Ranking U.S. Generations on Their Power and Influence Over Society
Connect with us

Demographics

Ranking U.S. Generations on Their Power and Influence Over Society

Published

on

The Generational Power Index
The Generational Power Index
Introducing our new index, which ranks U.S. generations on their economic, political, and cultural influence.

>> Download the Report (.pdf)

Which U.S. Generation has the Most Power and Influence?

Can I share this graphic?
Yes. Visualizations are free to share and post in their original form across the web—even for publishers. Please link back to this page and attribute Visual Capitalist.
When do I need a license?
Licenses are required for some commercial uses, translations, or layout modifications. You can even whitelabel our visualizations. Explore your options.
Interested in this piece?
Click here to license this and all other GPI visualizations and data.

Which U.S. Generation has the Most Power and Influence?

We’re on the cusp of one of the most impactful generational shifts in history.

As it stands, the Baby Boomers (born 1946-1964) are America’s most wealthy and influential generation. But even the youngest Boomers are close to retirement, with millions leaving the workforce every year. As Baby Boomers pass the torch, which generation will take their place as America’s most powerful?

In our inaugural Generational Power Index (GPI) for 2021, we’ve attempted to quantify how much power and influence each generation holds in American society, and what that means for the near future.

Download the Generational Power Report (.pdf)

The Generational Power Index

Generation and Power, Defined

Before diving into the results of the first GPI, it’s important to explain how we’ve chosen to define both generations and power.

Here’s the breakdown of how we categorized each generation, along with their age ranges and birth years.

GenerationAge range (years)Birth year range
The Silent Generation76 and over1928-1945
Baby Boomers57-751946-1964
Gen X41-561965-1980
Millennials25-401981-1996
Gen Z9-241997-2012
Gen Alpha8 and below2013-present

The above age brackets for each generation aren’t universally accepted. However, since our report largely focuses on U.S. data, we went with the most widely cited definitions, used by establishments such as Pew Research Center and the U.S. Federal Reserve.

To measure power, we considered a variety of factors that fell under three main categories:

  • Economic Power
  • Political Power
  • Cultural Power

We’ll dive deeper into each category, and which generations dominated each one, below.

Overall Power, By Generation

Baby Boomers lead the pack when it comes to overall generational power, capturing 38.6%.

GenerationOverall Power Share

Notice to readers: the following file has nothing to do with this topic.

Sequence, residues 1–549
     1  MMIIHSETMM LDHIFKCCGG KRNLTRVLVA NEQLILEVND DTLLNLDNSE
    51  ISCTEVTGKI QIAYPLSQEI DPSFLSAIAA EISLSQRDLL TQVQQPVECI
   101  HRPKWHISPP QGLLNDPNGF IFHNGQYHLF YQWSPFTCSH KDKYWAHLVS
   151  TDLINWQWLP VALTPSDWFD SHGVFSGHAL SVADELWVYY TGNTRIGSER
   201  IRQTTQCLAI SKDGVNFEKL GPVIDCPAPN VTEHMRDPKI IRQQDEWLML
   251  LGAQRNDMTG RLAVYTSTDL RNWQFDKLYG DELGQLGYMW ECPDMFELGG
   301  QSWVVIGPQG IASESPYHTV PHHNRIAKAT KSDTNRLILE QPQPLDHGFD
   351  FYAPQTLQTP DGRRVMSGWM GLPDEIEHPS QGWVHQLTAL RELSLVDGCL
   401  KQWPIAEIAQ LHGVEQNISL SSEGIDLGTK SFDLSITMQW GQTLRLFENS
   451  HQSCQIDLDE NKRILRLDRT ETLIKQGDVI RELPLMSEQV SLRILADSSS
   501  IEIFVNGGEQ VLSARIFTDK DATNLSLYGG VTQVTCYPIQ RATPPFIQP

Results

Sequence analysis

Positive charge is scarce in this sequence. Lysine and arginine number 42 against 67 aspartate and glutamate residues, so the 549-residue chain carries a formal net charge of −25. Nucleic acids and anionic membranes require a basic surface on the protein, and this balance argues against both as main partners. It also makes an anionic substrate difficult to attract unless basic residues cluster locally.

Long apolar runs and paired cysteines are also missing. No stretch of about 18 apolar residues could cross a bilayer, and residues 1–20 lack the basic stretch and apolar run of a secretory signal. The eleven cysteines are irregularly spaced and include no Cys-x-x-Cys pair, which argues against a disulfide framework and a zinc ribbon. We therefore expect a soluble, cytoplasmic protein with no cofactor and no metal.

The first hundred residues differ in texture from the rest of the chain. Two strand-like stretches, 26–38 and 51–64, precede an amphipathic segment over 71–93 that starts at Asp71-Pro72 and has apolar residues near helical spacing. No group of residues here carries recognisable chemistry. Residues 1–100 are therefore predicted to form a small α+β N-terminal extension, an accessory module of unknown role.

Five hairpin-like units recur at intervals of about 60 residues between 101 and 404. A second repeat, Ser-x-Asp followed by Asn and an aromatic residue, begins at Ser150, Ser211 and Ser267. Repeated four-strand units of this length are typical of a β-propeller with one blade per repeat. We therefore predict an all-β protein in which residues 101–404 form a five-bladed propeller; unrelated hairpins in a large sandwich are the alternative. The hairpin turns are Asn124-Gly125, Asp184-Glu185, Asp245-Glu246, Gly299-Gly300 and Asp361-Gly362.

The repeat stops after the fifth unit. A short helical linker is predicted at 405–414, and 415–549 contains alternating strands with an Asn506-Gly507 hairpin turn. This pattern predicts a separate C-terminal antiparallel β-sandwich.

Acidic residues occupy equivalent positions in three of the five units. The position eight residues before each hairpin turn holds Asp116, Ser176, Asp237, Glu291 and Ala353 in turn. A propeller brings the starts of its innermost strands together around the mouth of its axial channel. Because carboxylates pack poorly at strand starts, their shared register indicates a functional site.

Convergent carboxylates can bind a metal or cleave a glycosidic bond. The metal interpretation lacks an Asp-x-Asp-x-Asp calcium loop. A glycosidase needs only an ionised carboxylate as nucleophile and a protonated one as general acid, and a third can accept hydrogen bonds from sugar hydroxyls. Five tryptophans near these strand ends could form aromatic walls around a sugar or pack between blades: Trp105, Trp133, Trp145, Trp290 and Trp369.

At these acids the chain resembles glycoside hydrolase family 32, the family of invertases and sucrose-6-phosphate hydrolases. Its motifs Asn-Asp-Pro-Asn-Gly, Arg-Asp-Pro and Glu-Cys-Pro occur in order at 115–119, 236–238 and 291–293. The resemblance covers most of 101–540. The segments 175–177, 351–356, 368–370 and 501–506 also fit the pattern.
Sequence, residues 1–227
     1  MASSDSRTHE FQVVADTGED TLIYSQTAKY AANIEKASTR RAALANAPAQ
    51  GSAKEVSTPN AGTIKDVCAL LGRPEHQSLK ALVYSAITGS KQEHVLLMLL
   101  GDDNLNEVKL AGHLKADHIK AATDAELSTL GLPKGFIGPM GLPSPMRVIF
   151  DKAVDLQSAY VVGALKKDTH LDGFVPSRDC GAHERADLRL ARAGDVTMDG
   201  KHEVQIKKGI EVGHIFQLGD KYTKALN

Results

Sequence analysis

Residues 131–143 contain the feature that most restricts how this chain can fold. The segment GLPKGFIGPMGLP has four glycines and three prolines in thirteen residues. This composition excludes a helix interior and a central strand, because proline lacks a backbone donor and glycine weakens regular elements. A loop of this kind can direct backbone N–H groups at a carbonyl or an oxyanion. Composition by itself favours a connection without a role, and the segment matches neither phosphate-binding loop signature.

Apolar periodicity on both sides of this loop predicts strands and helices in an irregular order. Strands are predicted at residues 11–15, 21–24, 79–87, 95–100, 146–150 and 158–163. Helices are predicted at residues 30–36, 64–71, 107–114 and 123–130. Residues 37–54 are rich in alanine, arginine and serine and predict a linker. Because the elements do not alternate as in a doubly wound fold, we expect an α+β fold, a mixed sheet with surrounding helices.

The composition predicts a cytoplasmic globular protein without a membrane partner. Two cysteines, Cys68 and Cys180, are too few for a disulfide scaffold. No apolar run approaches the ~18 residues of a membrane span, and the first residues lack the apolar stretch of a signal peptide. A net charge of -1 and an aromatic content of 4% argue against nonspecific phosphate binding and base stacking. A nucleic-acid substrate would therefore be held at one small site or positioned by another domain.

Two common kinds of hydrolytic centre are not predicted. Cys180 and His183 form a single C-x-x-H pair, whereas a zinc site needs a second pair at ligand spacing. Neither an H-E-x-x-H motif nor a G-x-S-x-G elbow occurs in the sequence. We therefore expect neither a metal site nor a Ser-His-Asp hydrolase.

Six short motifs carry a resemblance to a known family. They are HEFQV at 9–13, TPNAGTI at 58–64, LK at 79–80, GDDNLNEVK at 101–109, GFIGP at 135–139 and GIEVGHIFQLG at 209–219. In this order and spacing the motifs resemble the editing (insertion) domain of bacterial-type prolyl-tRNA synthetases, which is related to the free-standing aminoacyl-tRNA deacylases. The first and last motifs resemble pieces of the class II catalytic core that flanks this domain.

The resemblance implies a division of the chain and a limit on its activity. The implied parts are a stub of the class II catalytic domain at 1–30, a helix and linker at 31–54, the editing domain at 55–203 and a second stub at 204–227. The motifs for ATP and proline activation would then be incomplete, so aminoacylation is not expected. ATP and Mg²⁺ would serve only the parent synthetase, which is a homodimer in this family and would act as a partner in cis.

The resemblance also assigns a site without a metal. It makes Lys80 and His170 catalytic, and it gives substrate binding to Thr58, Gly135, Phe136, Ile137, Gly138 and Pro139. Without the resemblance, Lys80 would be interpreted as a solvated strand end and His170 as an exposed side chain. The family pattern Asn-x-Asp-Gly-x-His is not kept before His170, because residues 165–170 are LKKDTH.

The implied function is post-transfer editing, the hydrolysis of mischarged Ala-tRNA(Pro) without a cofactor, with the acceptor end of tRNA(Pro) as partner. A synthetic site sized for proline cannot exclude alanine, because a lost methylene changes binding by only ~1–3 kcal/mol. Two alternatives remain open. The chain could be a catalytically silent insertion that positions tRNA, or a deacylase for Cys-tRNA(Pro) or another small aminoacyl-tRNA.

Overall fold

The Silent Generation12.8%
Baby Boomers38.6%
Gen X30.4%
Millennials14.5%
Gen Z3.7%
Gen Alpha0.0%
Total100.0%

While Boomers hold the largest share of power, it’s interesting to note that they only make up 21.8% of the total U.S. population.

Gen X comes in second place, capturing 30.4% of power, while Gen Z ranks last, snagging a mere 3.7%. Gen Alpha has yet to score on the ranking, but keep in mind that the oldest members of this generation will only be eight years old this year—they haven’t even reached double digits yet.

Generational Power: Economics

Considering that Baby Boomers hold nearly 53% of all U.S. household wealth, it makes sense that they dominate when it comes to our measurement of Economic Power.

Economic Generational power

At 43.4%, the GPI shows that Boomers hold more economic influence than Gen X, Millennials, and Gen Z combined. They make up a majority of business leaders in the U.S., and hold 42% of billionaire wealth in America.

Timing plays a role in the economic prosperity of Baby Boomers. They grew up in a post-WWII era, and spent their primary working years in a relatively stable, prosperous economy.

In contrast, Millennials entered the workforce during the Great Recession and have seen only tenuous economic and wage growth, impacting their ability to accumulate wealth. Combine this with crippling amounts of student debt, and it’s no surprise that Millennials have nearly 50% less wealth than other generations (Boomers, Gen X) at a comparable age.

Generational Power: Political

In addition to holding the most Economic Power in the GPI, Baby Boomers also rank number one when it comes to Political Power.

Political Generational Power
Boomers capture 47.4% of political influence. This generation accounts for 32% of all U.S. voters, and holds the majority of federal and state positions. For instance, 68% of U.S. senators are Baby Boomers.

Political spending on election campaigns and lobbying predominantly comes from Boomers, too. When it comes to money spent on lobbying, we found that 60% of the top 20 spenders were from organizations led by Baby Boomers.

In contrast, Millennials and Gen Zers barely make a splash in the political realm. That said, in the coming years, it’s estimated that the combined voting power of Millennials and Gen Z will see immense growth, rising from 32% of voters in 2020 up to 55% by 2036.

Cultural Power

There is one category where other generations gave Boomers a run for their money, which is in Cultural Power.

Cultural Generational Power

In this category, it’s actually Gen X that leads the pack, capturing 36.0% of Cultural Power. Gen X is especially dominant in press and news media—over half of America’s largest news corporations have a Gen Xer as their CEO, and a majority of the most influential news personalities are also members of Gen X.

Despite a strong showing in our culture category, Gen X falls short in one key variable we looked at—the digital realm. On digital platforms, Millennials dominate when it comes to both users and content creators, and Gen Z has growing influence here as well.